The leader of the pro-Peking Communist Party, ‘Shan’ [N. Sanmugathasan], took the view that the parliamentary left were revisionist and described parliament as a den of thieves. However, soon, ‘Shan’ himself came under attack. If you believe in armed revolution as you claim, the critics within his party asked, where are your arms…and why aren’t you collecting them?

So, there were breakaways and expulsions from the CCP [Ceylon Communist Party - Peking wing] of young, gifted and determined leaders, beginning with Kalyananda Thiranagama (KT), followed later by Gamini Yapa, and finally, Rohana Wijeweera [founder of the Janatha Vimukthi Peramuna]. The Ginipupura group founded by KT and others was highly influenced by the Chinese Cultural Revolution. There were at least three or four within the group who claimed to have received “training” in China, which immediately elevated their standing among the others!

There was a unique conjuncture in 1970, with a strong left presence in government, and the Sri Lanka Freedom Party majority in Cabinet in the shadows. The most impressive SLFPers, such as T. B. Ilangaratne, T.B. Subasinghe and Badi-ud-din Mahmud were themselves close to the left parties. There was also dynamism in the cultural arts with E.R. Sarathchandra’s plays, novels by writers such as Karunasena Jayalath, and others. All in all, the time was ripe for the young to challenge the government with arms. But when the revolutionary challenge came, it was amateur in the extreme.”

[ . . . ]

Wimal Fernando, the veteran left and democratic rights activist and former trade unionist, was interviewed by Ahilan Kadirgamar and Balasingham Skanthakumar in January 2011. These excerpts were transcribed and annotated by B. Skanthakumar. The interview is published in Pathways of the Left in Sri Lanka, edited by Marshal Fernando and B. Skanthakumar, Ecumenical Institute for Study and Dialogue, Colombo 2014, pp. 217-240.

Book Announcement:

Reflections on the Left Movement in Sri Lanka

In Pathways of the Left in Sri Lanka, the beginnings, role and evolution of a radical social movement is surveyed against the background of almost eight decades of political, social and economic change in the island.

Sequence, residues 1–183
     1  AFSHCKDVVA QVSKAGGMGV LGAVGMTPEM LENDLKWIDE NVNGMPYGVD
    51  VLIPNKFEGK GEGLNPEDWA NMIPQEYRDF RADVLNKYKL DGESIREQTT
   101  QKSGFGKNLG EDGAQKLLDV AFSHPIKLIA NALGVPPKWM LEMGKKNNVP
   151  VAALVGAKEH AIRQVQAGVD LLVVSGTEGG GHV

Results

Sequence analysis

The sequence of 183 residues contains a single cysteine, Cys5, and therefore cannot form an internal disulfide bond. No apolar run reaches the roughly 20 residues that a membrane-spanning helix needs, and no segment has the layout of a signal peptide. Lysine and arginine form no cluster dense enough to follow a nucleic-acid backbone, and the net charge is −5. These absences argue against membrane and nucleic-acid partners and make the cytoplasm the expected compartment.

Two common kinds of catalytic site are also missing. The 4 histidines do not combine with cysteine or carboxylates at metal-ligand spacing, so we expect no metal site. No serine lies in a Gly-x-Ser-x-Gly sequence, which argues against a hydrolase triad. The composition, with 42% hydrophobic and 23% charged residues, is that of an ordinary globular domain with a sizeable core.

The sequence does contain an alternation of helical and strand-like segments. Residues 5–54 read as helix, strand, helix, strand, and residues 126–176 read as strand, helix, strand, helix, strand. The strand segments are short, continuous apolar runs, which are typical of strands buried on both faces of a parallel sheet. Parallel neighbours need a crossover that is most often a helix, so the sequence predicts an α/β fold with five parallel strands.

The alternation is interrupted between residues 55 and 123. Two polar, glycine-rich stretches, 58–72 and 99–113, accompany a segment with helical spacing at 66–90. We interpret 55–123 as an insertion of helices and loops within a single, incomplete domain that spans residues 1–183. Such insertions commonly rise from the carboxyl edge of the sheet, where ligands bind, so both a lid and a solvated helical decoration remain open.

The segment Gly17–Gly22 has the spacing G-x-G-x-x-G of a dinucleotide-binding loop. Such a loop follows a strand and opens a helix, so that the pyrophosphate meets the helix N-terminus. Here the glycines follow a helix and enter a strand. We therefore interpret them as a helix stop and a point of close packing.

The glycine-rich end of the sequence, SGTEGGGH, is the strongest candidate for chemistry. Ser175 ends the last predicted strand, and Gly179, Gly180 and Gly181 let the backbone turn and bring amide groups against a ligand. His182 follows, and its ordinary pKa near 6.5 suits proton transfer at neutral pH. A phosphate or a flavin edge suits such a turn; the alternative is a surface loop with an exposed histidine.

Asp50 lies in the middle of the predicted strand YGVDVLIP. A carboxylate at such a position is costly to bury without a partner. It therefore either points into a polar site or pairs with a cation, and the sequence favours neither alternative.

The contents of this unique volume, and its diverse contributors, are:

Landmarks in the History of the Left: 1935-1980 • Santasilan Kadirgamar • Dialectics of a Modernist Project • Jayadeva Uyangoda • Left and the Trade Union Movement • Vijaya Vidyasagara • Left and the Plantations • Vijaya Kumar • Left and Religion • Paul Caspersz • Left and Mass Media in the 20th century • Ajith Samaranayake • Left Women and Political Participation • Pulsara Liyanage • The ‘New Left’: Its Origins and Characterisation • Gamini Keerawella • “Socialism was in the air” • Wimal Fernando • Janatha Vimukthi Peramuna: An Auto-Critique • Lionel Bopage • Nationalism, Globalisation and the Left • Rohini Hensman • Economic Development: Left Perspectives • Sumanasiri Liyanage • The Left and the State: Some Theoretical Concerns • Ahilan Kadirgamar • Politics of Coalition: On Cross-Class Alliances • Sivaguru Ganesan • Splits and Schisms: The Malady of Sectarianism • Kumar David • Sources on the History of the Left • Eef Vermeij with B. Skanthakumar.

This 400 page anthology of papers, articles, interviews and bibliography is edited by Marshal Fernando and B. Skanthakumar and published by the Ecumenical Institute for Study and Dialogue (EISD).

It is available from all good bookstores including Suriya Bookshop at No. 12 Sulaiman Terrace, off Jawatte Road in Colombo 5, and may be ordered online from


These exclusive excerpts are published on with the express permission from the editors of the above volume.